China may cut Iran iron imports
Beijing, February 8, 2012
China is likely to reduce the amount of iron ore it buys from Iran from March due to concerns that sanctions may disrupt exports worth over $2 billion a year to the world's largest consumer of the raw material, traders said on Wednesday.
Iran is a political ally of China and one of its biggest crude oil suppliers. Iran was also China's fifth biggest supplier of iron ore in 2011, selling some 17 million tonnes, but traders said they expected purchases to shrink in coming months as the sanctions may disrupt shipments and payments.
"There is a huge risk ahead, and many just haven't realised it yet," said a senior executive at a Shanghai-based trading firm that has a long-term partnership with an Iranian supplier.
"It's easy for the United States to freeze our business, forcing large Chinese iron ore traders, which have large trading volumes with Iran, to be more cautious when making bookings. It's not worth taking the risk," he added.
Although Iranian ore accounted for just 2.4 percent of China's total 686 million tonne imports last year, its absence will push up prices as China scrambles for alternative supplies of the raw material used to make steel.
"Iran is one of the major sources for lower-rate iron ore. Without Iranian ore, Chinese buyers will be forced to look for more cheaper materials from Southeast Asia, Latin America, and Africa," said Han Xun, China manager with the Steel Index.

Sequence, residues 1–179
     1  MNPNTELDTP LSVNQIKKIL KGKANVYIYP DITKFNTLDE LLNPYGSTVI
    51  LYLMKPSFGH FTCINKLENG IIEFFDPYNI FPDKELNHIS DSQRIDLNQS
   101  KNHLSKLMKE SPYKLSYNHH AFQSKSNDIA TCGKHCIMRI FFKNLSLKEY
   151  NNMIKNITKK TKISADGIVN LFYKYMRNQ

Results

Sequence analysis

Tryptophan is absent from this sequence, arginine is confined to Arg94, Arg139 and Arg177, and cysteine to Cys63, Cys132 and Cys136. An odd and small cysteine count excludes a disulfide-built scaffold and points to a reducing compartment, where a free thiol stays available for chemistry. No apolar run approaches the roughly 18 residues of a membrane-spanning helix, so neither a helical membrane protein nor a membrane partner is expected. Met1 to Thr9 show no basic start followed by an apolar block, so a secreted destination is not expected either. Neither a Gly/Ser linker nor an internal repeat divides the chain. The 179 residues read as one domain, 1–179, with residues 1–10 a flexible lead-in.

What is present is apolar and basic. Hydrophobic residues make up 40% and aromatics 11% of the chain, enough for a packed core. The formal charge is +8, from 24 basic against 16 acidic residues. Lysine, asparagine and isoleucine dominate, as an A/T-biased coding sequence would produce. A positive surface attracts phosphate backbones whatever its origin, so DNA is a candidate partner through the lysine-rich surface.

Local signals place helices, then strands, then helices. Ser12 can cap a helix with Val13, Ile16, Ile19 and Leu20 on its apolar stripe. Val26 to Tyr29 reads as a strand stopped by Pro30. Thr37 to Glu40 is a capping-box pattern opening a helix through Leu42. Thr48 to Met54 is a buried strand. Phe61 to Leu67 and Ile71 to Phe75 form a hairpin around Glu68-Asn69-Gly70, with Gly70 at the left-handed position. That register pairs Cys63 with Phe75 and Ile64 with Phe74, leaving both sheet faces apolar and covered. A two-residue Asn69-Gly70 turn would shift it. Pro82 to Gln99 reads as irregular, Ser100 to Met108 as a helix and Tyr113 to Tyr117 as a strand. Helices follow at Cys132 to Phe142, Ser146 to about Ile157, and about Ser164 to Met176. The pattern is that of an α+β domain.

"It may also seek to buy more from dominant suppliers like Australia and Brazil."
The United States expanded financial sanctions against Iran on Monday, adding to a European Union ban on Iranian oil imports from July and sweeping US measures which target Iran's central bank and foreign institutions doing business with it.
The Western sanctions are aimed at pushing Iran to end its nuclear programme, which Tehran says is meant to produce energy, not weapons. Iran, however, has refused to negotiate guarantees that the programme is peaceful.
Chinese buyers usually pay Iranian suppliers via a representative office set up in Dubai, in the UAE, or in other countries. The money is then transferred from banks in those countries to Tehran.
The Shanghai-based trader, who requested anonymity, said the US would find it easy to trace payments made by major trading firms to Iran.
An iron ore buyer based in eastern China's Shandong province said some of his Iranian suppliers had rushed shipments, a sign that they too were worried about potential payment problems.
"We made two bookings due to be delivered separately in early and late February, but our Iranian supplier delivered the two shipments together in early February due to concerns that they might not be able to deliver later in the month," he said.
"I expect imports from Iran to show a decline in March."
Last year, China's commerce ministry warned traders against buying Iranian ore, saying shipments were often substandard and late. Trade, however, was up 14 percent on the year in 2011 and some Iranian sellers said that so far, it was business as usual. - Reuters